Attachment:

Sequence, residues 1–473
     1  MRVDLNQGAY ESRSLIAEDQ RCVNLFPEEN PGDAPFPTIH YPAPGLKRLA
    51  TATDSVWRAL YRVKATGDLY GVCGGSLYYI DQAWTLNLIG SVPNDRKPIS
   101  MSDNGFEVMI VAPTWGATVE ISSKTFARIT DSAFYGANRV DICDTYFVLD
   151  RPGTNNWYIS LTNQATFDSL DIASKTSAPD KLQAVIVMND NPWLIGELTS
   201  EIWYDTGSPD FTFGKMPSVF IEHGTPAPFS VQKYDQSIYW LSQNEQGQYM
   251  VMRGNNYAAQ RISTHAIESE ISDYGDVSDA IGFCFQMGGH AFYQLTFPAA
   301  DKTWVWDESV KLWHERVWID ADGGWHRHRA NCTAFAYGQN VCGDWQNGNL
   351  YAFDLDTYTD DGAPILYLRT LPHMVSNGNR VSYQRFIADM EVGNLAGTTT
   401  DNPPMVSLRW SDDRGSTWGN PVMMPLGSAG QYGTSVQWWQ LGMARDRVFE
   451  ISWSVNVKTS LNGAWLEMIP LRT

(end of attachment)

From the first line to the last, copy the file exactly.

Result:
Sequence, residues 1–473
     1  MRVDLNQGAY ESRSLIAEDQ RCVNLFPEEN PGDAPFPTIH YPAPGLKRLA
    51  TATDSVWRAL YRVKATGDLY GVCGGSLYYI DQAWTLNLIG SVPNDRKPIS
   101  MSDNGFEVMI VAPTWGATVE ISSKTFARIT DSAFYGANRV DICDTYFVLD
   151  RPGTNNWYIS LTNQATFDSL DIASKTSAPD KLQAVIVMND NPWLIGELTS
   201  EIWYDTGSPD FTFGKMPSVF IEHGTPAPFS VQKYDQSIYW LSQNEQGQYM
   251  VMRGNNYAAQ RISTHAIESE ISDYGDVSDA IGFCFQMGGH AFYQLTFPAA
   301  DKTWVWDESV KLWHERVWID ADGGWHRHRA NCTAFAYGQN VCGDWQNGNL
   351  YAFDLDTYTD DGAPILYLRT LPHMVSNGNR VSYQRFIADM EVGNLAGTTT
   401  DNPPMVSLRW SDDRGSTWGN PVMMPLGSAG QYGTSVQWWQ LGMARDRVFE
   451  ISWSVNVKTS LNGAWLEMIP LRT